With '06 race heating up, Hostettler backs Ind. aid

When the House voted in early September for a $1.4 billion relief bill for victims of Hurricane Katrina, Rep. John Hostettler (Ind.) was one of 11 Republicans to oppose it.

When the House voted in early September for a $1.4 billion relief bill for victims of Hurricane Katrina, Rep. John Hostettler (Ind.) was one of 11 Republicans to oppose it.

Yesterday, the congressman, who is facing a tight race next year, and several other Indiana members asked President Bush for money to help victims of another natural disaster — the tornado that ripped through many areas in his 8th District.

Rahim


Hostettler spokesman Matt Faraci said opposition to aid for Hurricane Katrina victims and support for victims of this weekend’s tornado was not contradictory.

The congressman, Faraci said, voted against the hurricane measure because it included a provision making it easy, he said, for supposed do-gooders to pilfer federal funds. News reports that money has, in fact, been wasted bolster his case, Faraci said.

Faraci added that Hostettler would like to see federal funds spent helping victims of natural disasters — including those hurt by the tornado that swept through southwestern Indiana Sunday — so long as those dollars are not squandered.

“He was very supportive of giving assistance to people affected by Rita and Katrina,” Faraci said. “He was concerned that there were provisions in the bill that were open to abuse.”

Asked if yesterday’s letter to the president contains any safeguards to prevent similar abuse, Faraci said the letter “is just a disaster declaration in order to engage the normal federal processes.”

Democrats yesterday were reluctant to criticize Hostettler or appear as if they were trying to politicize the congressman’s positions on disaster relief.

Jay Howser, the campaign manager for Democrat Brad Ellsworth, who is challenging Hostettler next year, said that the campaign had already raised Hostettler’s Katrina vote and that now is not the time to bring the tornado, which killed 22, into the conversation.

“I just don’t want to go there right now,” Howser said. “We’re less than 24 hours from this happening.”

Howser said Ellsworth, the sheriff of hard-hit Vanderburgh County, spent yesterday assessing the damage. The county encompasses Evansville, one of the two population hubs in the 8th District. Howser said the county includes 25 percent of the voters in the district.

Mike Edmondson, executive director of the Indiana Democratic Party, added that Democrats would welcome any help anyone can provide to those hit by the tornado.

The Democratic Congressional Campaign Committee (DCCC) declined to comment on the race. But privately, Democrats voiced disbelief and amusement with Hostettler, saying the fifth-term congressman would rather help tsunami victims halfway around the world and rebuild Iraq than aid poor Americans drenched by hurricanes.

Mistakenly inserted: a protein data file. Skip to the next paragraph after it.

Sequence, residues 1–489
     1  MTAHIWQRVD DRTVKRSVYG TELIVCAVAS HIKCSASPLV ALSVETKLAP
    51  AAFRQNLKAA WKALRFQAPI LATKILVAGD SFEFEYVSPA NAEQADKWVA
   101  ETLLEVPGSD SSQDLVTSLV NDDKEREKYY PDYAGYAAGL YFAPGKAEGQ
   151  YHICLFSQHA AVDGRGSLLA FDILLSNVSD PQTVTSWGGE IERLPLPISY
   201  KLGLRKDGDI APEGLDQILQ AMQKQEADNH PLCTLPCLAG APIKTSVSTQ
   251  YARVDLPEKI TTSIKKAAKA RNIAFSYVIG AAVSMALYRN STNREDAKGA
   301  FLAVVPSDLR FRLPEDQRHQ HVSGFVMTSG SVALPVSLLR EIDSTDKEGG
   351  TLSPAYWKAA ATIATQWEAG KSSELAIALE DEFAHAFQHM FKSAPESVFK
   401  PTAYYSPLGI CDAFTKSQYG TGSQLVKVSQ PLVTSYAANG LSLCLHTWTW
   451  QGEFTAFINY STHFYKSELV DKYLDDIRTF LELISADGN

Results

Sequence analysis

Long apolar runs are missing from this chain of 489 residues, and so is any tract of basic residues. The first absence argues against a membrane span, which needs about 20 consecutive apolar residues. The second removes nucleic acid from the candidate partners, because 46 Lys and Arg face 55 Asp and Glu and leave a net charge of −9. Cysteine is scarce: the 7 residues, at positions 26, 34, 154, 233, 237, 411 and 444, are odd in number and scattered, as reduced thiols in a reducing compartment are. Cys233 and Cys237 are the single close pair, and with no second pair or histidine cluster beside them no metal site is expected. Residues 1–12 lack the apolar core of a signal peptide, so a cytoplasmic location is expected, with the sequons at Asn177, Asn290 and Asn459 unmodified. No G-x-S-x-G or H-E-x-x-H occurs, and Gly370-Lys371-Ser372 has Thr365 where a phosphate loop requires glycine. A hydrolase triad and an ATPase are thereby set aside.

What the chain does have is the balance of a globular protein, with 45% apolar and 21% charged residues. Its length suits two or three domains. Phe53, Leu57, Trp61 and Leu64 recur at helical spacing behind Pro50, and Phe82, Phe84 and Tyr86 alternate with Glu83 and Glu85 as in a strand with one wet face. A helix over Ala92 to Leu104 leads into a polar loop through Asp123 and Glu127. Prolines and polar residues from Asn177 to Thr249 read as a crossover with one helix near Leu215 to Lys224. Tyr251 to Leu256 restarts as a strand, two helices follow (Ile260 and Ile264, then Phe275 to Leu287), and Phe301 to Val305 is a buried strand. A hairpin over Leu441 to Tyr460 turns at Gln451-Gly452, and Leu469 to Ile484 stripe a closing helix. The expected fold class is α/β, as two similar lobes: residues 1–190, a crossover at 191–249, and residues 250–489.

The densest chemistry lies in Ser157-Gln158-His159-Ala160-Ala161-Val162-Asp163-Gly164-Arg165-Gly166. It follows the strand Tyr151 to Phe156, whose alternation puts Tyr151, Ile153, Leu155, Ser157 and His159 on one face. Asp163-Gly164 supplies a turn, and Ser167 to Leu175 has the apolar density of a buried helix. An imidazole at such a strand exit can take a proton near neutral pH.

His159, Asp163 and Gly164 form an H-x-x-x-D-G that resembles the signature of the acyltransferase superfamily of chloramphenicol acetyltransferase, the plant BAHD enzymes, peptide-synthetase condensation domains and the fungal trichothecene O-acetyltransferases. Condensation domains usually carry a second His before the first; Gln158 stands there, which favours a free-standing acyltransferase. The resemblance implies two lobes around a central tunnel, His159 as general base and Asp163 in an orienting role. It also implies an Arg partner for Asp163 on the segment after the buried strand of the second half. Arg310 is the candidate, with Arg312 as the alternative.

One prominent Indiana Democratic source recalled: “It’s something that we were talking about when he made the first vote. What happens if something like this happens in our own back yard? And then it did.”

Ed Patru, a spokesman for the National Republican Congressional Committee (NRCC), dismissed parallels between Katrina and the recent tornado, which laid waste to portions of Kentucky as well as Indiana.

Patru noted that the scope of damage and requested relief in the Gulf Coast region was far greater than what happened and what is being sought for the tornado-stricken areas. He added that Hostettler’s opposition to the Katrina relief bill was consistent with his fiscal conservatism.

Democrats refused yesterday to discuss the possibility that they might use Hostettler’s voting record on disaster relief to beat him next year, even though they have already made a lot of noise about his opposition to the aid for Katrina’s victims.

Hostettler represents one of the few competitive districts in the country. He won his 2004 race by eight percentage points, although he was outspent by Democrat Jon Jennings by more than $1 million. He won his 2002 race by five points, spending less than $200,000 more than Democrat Bryan Hartke.

Hostettler raised $38,000 in the third quarter of the year, bringing his cash on hand to nearly $28,000. Ellsworth far outpaced the Republican, amassing more than $144,000 during the three-month period and ending with nearly $258,000 in the bank.

Ellsworth, with fellow Hoosier and former Rep. Baron Hill (D) in the neighboring 9th District, is one of 10 challengers featured on the DCCC website.

While Democrats say Ellsworth — as a centrist and a decorated law-enforcement officer — is suited to beat Hostettler, the district remains staunchly Republican; last year, 62 percent of voters backed President Bush over 38 percent for the Democratic nominee, Sen. John Kerry (Mass.).